Survivor Around the Globe, Tricia Bonilla Harrison
Bombs were exploding in my head. One after the other. It was the single most extraordinary pain I have experienced in my life.
I never knew that I knew what an aneurysm was until one of mine was rupturing.
Just like that, a simple and ordinary day changed into a day that, by all accounts, should have been my last.
My mother, my twelve-year old son and I had just returned from lunch.
I was speaking to my friend on the phone when suddenly, I felt an unbearable pressure crushing my head from the inside out. I hung up the phone muttering “something is going on with my head. I have to go NOW!”
I felt a pull, then a pop and then fluid gushing down the inside of the back of my head. Time stood still in that moment and I thought to myself “Oh my god!!! This is an aneurysm!” I have no idea how I knew that.
Once in the house, I immediately threw up several times in a gift bag that sat next to me on the couch. Because of the severity of the pain and my quick decline, it started to sink in I might not make it out of this alive.
I knew I needed help but had lost the capacity to work my phone. It was in that moment that I felt the most panic. I could not help myself.
I felt the weight of what was happening very clearly. I looked up at Max who was staring at me solemnly. I told myself…….”Whatever you do, be strong….he’s probably going to remember this for the rest of his life…..let him remember you strong.”
I handed him my phone and asked him to get me help. He called my dad and then 911. As I sat there in this unbearable pain, my mother put a washcloth on my head and sat next to me caressing me. She had already lost one daughter and couldn’t lose me too.
I knew I might die. Every time panic set in, I channeled myself to one pledge. I cannot die. I cannot die. I have to live for my parents and for Max. Within moments, our dearest family friends rushed in and began hugging Max and me and praying with us. They blanketed us in love and comfort.
The ambulance arrived at the same time, with breakneck speed. The EMTs immediately began to rush me to the hospital. In the back of the ambulance as I looked out the window, I noticed my car door still hanging wide open. I never closed it as I hung up the phone and rushed into the house. I also noticed small gaggles of on-lookers peering to see who was being rushed off. Oddly, I thought to myself …..if I make it out of this alive, we are really going to laugh at this part one day!”
The whole way to the hospital, I felt like I couldn’t breathe. I couldn’t inhale enough oxygen. I asked question after question to the EMTs “am I going to be okay? What’s wrong with me? Am I going to be okay? Am I?” My terror only galvanized as they glanced knowingly and worriedly at one another and gave no answers. They spoke a silent body language that said “no, no you’re not going to be okay.”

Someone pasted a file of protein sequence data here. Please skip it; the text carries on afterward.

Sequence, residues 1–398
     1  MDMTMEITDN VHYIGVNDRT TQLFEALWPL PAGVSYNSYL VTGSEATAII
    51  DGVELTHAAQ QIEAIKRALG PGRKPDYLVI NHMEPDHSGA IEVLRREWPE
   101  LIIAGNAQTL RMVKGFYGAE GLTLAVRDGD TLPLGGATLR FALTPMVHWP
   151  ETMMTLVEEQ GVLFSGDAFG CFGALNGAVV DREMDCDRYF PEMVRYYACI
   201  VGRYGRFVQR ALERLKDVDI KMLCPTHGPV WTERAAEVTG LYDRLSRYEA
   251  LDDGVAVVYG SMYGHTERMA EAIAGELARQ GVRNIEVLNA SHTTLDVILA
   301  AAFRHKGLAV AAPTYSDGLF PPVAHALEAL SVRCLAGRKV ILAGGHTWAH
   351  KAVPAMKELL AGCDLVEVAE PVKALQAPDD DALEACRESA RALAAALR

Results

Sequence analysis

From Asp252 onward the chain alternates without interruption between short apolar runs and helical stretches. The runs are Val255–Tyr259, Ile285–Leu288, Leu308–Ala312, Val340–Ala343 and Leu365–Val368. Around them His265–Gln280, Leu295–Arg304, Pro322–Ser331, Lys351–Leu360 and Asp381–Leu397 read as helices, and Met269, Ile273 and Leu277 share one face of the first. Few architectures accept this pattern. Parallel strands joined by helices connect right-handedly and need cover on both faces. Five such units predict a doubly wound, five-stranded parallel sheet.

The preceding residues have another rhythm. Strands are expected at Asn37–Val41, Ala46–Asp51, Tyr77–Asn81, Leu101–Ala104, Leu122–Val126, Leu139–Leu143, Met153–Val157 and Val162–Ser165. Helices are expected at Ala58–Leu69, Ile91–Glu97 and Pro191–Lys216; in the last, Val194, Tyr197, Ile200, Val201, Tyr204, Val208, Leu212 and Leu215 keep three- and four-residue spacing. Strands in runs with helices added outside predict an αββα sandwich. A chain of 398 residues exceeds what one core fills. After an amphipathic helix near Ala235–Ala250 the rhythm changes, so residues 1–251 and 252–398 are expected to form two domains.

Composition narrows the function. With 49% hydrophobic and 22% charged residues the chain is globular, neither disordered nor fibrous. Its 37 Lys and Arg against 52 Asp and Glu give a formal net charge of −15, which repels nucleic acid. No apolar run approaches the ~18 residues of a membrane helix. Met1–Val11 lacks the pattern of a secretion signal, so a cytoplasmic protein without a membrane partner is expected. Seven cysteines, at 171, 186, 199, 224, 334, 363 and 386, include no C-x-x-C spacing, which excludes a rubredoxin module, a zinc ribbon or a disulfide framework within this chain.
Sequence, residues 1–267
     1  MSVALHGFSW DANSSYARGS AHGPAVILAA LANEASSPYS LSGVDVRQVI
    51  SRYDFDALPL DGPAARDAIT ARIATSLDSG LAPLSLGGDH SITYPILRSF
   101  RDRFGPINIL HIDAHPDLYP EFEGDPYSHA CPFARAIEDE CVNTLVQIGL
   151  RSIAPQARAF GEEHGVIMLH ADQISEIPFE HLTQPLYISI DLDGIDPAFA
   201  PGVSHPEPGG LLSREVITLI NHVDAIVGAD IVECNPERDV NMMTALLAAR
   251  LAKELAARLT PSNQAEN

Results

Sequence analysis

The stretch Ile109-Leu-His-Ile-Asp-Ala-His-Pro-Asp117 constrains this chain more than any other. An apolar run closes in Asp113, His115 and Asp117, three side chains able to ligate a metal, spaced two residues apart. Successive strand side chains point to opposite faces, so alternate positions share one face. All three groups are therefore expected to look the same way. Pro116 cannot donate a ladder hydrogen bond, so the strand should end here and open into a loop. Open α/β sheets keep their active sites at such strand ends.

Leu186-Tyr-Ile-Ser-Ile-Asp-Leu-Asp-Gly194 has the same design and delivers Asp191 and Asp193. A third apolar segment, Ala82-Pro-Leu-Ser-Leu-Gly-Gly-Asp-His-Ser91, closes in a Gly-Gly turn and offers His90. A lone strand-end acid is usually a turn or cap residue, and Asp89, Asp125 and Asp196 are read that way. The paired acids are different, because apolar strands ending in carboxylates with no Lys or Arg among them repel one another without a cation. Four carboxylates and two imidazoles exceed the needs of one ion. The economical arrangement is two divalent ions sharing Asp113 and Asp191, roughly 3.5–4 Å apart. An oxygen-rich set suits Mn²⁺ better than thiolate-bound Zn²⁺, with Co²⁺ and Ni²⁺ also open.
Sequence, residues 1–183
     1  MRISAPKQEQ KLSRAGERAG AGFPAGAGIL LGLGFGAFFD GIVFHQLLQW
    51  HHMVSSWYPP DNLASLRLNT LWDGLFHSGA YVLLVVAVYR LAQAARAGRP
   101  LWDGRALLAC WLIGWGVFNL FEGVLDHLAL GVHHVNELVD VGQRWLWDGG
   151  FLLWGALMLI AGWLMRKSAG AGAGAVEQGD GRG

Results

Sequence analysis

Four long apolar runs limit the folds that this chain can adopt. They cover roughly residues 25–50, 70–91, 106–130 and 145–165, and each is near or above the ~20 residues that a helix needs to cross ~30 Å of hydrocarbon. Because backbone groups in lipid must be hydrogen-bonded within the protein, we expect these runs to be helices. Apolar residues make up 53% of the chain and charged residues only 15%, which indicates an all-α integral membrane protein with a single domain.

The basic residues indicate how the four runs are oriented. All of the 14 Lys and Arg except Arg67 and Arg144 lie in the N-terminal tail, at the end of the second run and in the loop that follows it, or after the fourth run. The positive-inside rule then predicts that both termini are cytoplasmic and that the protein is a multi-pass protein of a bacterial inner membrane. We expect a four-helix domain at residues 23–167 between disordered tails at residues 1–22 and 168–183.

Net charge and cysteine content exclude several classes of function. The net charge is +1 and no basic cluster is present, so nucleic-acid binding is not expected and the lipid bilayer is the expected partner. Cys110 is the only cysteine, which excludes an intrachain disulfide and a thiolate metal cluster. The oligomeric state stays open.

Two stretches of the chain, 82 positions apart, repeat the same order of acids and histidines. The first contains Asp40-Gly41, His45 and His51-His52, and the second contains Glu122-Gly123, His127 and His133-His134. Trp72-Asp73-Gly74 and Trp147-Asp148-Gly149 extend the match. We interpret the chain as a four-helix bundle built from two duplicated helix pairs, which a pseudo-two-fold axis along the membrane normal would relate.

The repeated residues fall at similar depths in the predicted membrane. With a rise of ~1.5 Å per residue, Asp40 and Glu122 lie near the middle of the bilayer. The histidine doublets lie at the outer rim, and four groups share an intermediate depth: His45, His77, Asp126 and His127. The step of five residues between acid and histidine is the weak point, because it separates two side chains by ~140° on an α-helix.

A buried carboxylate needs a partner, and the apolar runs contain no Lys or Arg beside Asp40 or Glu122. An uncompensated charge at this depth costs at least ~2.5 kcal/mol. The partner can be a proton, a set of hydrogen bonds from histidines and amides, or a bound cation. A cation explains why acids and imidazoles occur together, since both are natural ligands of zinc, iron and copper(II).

My time at the emergency room seemed very short. It was the first time I saw Max cry as he discreetly wiped tears from his eyes. My mother, Max, my parents’ best friends, my aunt and my brother and his wife gathered. This was bad. I couldn’t sit still for the CT. Too much pain. They finally informed me what was happening. “Cranial bleeding” they told me.
I had to be airlifted as soon as possible. Until the very end of my time there, I was trying to find out the best hospital in Houston for neurological crises. The last words I remember hearing at the hospital before they flew me off were: “Sweetie, every second counts. Right now, every second counts and you don’t have a moment to spare, you’re going to San Antonio. You don’t have time to go to Houston!”
I don’t know what I thought she meant, but I don’t think I realized she meant I might die right then.
The next thing I remember was my brother, Teddy, sitting on my bed asking me if I had seen our deceased sister Tessa. I asked “On the other side?” He smiled and said “yes”. I had been in an induced coma for a month. I had no idea what had happened to me as I lay in that hospital bed in San Antonio talking to my brother.
It was not until many weeks in ICU and rehab that I was discharged, which is when I learned that I have another aneurysm. It mirrors the one that ruptured. When I returned to Houston, I quickly started to Google “brain aneurysm” and “aneurysm rupture.” Only then did I realize the miraculous odds I had beaten. I became overwhelmed with fear.
Many friends and family have told me that I really fought hard to live. I was a feisty and spirited patient, pulling my respirator out and breathing over it and trying to get the hell out of the hospital. At one point, a priest came to give me my Last Rites but I asked him to come back the next day. I think somewhere inside me I knew I could not die so I was not going to prepare to “go”. I have no doubt that love for my parents and son kept me alive.
Many nights I have cried myself to sleep praying that God not take me. I have to live. I will live. For my son. For my parents. For my family. For my friends. For myself.
My life is forever defined in two divisions. The before the rupture and the after. On this side of my aneurysm rupture, I often think: “Just like that, a simple and ordinary day changed into a day that, by all accounts, should have been my last.” I now ask myself “how will I spend my days?”
That day 6 months ago, I can still remember sitting there at lunch with my mother and Max and smiling with gratitude and fulfillment. We joked. We laughed. There was a lot of love at that table. It was beautiful. That would have been a pretty great last day.
I intend to have many more.
The Joe Niekro Foundation would like to thank Tricia for sharing her story and wish her continued health!
Have a story you want to share? Submit your story here.Posted on Sunday, September 17, 2017